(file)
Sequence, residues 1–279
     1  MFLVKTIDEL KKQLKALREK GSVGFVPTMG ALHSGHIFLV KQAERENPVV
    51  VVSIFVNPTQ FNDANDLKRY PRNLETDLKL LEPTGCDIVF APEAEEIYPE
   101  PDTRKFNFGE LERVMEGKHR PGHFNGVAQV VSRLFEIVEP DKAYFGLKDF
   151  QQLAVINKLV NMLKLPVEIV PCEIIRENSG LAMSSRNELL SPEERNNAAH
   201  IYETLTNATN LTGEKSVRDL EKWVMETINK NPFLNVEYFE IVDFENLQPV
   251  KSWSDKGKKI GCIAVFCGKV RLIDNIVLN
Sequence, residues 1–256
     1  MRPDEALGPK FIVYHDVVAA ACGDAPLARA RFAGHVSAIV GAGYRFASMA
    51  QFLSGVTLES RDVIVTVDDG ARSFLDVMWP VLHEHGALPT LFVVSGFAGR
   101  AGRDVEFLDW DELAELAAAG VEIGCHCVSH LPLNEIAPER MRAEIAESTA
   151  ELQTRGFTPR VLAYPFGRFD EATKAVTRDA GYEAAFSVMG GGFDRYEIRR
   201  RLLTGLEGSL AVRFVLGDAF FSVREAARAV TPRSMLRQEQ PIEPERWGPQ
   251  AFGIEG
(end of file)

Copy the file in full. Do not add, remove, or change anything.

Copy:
Sequence, residues 1–279
     1  MFLVKTIDEL KKQLKALREK GSVGFVPTMG ALHSGHIFLV KQAERENPVV
    51  VVSIFVNPTQ FNDANDLKRY PRNLETDLKL LEPTGCDIVF APEAEEIYPE
   101  PDTRKFNFGE LERVMEGKHR PGHFNGVAQV VSRLFEIVEP DKAYFGLKDF
   151  QQLAVINKLV NMLKLPVEIV PCEIIRENSG LAMSSRNELL SPEERNNAAH
   201  IYETLTNATN LTGEKSVRDL EKWVMETINK NPFLNVEYFE IVDFENLQPV
   251  KSWSDKGKKI GCIAVFCGKV RLIDNIVLN
Sequence, residues 1–256
     1  MRPDEALGPK FIVYHDVVAA ACGDAPLARA RFAGHVSAIV GAGYRFASMA
    51  QFLSGVTLES RDVIVTVDDG ARSFLDVMWP VLHEHGALPT LFVVSGFAGR
   101  AGRDVEFLDW DELAELAAAG VEIGCHCVSH LPLNEIAPER MRAEIAESTA
   151  ELQTRGFTPR VLAYPFGRFD EATKAVTRDA GYEAAFSVMG GGFDRYEIRR
   201  RLLTGLEGSL AVRFVLGDAF FSVREAARAV TPRSMLRQEQ PIEPERWGPQ
   251  AFGIEG